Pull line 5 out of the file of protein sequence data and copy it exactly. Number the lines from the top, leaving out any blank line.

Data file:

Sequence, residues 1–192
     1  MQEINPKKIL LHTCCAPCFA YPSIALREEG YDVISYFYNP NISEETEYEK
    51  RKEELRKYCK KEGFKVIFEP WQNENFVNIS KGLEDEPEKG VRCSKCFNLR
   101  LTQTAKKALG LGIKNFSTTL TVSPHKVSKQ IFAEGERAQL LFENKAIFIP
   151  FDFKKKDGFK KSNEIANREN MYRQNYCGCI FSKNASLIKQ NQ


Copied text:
   151  FDFKKKDGFK KSNEIANREN MYRQNYCGCI FSKNASLIKQ NQ